The purpose of this paper is to examine factors that affect the calibration of judgments by systematically comparing experts' judgments to novices' when solving a complex, real-world problem that varies in its initial characteristics. Calibration in this context refers to the proportion of times decision makers provide a range about their best estimates that includes the actual outcome. We found that experts specify a narrower range and provide more accurate best estimates than novices. But their tighter ranges are not justified by their greater accuracy: they are less likely to encompass the actual outcome than are novices. However, this effect is attenuated when solving more complex problems. Novices apparently underestimate the complexity of difficult problems, hence the accuracy of their best estimates decreases as does the width of their ranges, resulting in worse calibration. The performance of experts was not significantly different across problem solving conditions. Both groups provided asymmetrical ranges about their best estimates, which suggests they account for the effect of subproblem dependencies.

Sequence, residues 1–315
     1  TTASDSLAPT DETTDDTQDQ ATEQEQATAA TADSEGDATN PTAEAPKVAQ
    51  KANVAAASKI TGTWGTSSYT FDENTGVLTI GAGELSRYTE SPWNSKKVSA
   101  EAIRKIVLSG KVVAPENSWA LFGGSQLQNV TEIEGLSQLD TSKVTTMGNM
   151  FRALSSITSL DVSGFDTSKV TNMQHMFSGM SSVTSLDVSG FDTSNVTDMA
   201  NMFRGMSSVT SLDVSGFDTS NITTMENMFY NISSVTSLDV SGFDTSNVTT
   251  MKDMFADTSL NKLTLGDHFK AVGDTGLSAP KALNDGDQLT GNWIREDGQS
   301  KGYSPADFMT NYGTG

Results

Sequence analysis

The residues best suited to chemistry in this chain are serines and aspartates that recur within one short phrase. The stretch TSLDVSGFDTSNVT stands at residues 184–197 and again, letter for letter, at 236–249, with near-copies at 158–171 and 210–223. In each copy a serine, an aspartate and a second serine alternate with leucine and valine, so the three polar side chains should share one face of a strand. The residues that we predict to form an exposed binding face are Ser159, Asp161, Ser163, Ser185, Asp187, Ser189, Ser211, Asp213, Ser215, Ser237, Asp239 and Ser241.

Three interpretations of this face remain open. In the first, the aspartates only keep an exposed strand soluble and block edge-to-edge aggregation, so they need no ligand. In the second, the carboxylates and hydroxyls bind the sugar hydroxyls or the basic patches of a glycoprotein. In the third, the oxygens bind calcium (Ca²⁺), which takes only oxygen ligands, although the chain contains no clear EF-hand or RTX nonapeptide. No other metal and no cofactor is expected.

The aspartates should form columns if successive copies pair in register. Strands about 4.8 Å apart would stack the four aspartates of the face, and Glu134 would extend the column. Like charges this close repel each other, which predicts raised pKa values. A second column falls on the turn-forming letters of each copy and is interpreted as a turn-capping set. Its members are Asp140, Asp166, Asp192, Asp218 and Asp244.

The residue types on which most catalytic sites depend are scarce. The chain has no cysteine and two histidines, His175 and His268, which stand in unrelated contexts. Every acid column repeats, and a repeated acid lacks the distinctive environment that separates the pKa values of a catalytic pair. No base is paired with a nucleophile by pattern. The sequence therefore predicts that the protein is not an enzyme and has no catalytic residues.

|Number of pages||9|
|Journal||Organizational Behavior and Human Decision Processes|
|Publication status||Published - 1 Jan 1996|